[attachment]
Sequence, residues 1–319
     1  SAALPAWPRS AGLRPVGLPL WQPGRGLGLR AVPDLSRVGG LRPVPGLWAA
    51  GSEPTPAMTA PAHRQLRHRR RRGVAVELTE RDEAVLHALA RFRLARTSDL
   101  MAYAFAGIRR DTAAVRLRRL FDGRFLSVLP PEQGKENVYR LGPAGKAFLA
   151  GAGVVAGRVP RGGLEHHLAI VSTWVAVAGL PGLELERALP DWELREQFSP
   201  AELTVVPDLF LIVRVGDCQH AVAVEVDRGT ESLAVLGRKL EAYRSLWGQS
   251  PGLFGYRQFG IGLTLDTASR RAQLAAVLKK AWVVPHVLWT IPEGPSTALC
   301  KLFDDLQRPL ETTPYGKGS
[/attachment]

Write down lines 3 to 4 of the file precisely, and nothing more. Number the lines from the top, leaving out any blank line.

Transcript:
    51  GSEPTPAMTA PAHRQLRHRR RRGVAVELTE RDEAVLHALA RFRLARTSDL
   101  MAYAFAGIRR DTAAVRLRRL FDGRFLSVLP PEQGKENVYR LGPAGKAFLA